Start slow to maintain exercise motivation

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Every January 1st, millions of us commit to starting an exercise program in the New Year. We buy the “Amazing!” workout we saw on an infomercial last night at 1am, the one guaranteed to “Change Your Life!” and we dive in with enthusiasm and high hopes. The next day we can barely get out of bed from the soreness and have to wait 3 days before we are able to work out again.  We repeat this process a few times before deciding that we “just don’t have the time” to exercise or that we’re not the athletic type, and that new exercise DVD ends up gathering dust in the back of a drawer.  But it doesn’t have to be this way! The key to maintaining exercise motivation is simple: start slow and be realistic. If you’ve been sitting on the couch for the last year, a high-intensity workout program is probably not where you should start.  Instead, sta rt with something simple, such as walking, and ease in to a workout schedule.  The Mayo Clinic suggests the following:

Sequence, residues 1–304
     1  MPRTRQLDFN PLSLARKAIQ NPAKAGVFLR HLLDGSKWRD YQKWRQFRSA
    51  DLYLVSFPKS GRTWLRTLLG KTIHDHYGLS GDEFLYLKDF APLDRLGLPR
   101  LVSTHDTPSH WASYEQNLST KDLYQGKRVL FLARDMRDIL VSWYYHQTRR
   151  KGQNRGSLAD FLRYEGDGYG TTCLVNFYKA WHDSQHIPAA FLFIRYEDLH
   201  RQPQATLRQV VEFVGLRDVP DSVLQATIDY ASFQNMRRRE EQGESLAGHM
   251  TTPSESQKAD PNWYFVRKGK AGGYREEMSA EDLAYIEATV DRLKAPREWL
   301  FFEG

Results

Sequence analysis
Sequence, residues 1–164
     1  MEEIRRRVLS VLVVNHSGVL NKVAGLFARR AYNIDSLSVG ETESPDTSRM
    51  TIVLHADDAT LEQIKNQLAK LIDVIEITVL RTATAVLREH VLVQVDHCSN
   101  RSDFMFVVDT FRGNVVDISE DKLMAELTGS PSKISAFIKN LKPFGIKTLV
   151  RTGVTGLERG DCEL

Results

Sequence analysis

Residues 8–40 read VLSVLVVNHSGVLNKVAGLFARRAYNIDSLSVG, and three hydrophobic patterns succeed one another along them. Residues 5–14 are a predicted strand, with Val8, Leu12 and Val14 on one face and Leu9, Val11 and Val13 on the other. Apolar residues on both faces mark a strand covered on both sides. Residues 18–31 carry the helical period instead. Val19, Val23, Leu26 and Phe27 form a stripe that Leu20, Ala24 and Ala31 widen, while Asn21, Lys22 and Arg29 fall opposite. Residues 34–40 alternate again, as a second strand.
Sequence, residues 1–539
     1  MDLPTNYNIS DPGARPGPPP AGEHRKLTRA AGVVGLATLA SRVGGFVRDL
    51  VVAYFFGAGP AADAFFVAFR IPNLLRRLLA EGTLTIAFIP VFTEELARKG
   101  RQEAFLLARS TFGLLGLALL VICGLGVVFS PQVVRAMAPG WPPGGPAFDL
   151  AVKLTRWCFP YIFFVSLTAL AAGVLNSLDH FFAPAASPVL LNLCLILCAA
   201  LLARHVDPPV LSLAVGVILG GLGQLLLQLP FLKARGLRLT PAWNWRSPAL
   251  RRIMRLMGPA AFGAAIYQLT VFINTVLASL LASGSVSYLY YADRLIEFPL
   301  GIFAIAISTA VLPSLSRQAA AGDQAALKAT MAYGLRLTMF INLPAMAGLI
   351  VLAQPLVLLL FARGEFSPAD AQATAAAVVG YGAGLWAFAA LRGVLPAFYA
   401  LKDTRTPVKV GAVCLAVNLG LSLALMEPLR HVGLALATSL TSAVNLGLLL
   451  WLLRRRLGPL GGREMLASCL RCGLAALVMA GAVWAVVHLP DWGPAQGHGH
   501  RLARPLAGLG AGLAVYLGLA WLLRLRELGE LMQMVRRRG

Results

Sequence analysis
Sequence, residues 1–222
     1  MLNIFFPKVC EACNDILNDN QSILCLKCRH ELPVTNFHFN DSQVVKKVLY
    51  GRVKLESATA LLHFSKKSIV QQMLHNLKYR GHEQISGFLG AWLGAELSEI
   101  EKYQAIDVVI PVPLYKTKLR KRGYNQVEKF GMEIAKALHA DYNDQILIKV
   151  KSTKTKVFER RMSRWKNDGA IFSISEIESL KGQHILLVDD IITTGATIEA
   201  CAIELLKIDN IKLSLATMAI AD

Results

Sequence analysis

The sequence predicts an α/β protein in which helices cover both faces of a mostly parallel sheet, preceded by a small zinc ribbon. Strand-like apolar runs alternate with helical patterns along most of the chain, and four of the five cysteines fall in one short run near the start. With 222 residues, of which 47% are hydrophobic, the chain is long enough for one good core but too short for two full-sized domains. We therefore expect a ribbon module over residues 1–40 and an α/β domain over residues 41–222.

“Give yourself plenty of time to warm up and cool down with easy walking or gentle stretching. Then speed up to a pace you can continue for five to 10 minutes without getting overly tired. As your stamina improves, gradually increase the amount of time you exercise. Work your way up to 30 to 60 minutes of exercise most days of the week.” (www.mayoclinic.com)

An approach like this is both physically and mentally beneficial. Physically, you avoid getting overly sore or injuring yourself, both of which can lead you to quit exercising. Mentally, it’s much easier to commit to walking for 10 minutes a day than to commit to a strenuous 60-minute workout, which means you’re more likely to stick with it. As your fitness improves and exercising becomes a habit, working out more intensely and for longer periods of time will come naturally.  You may even find that you look forward to your workouts! And that really will change your life.

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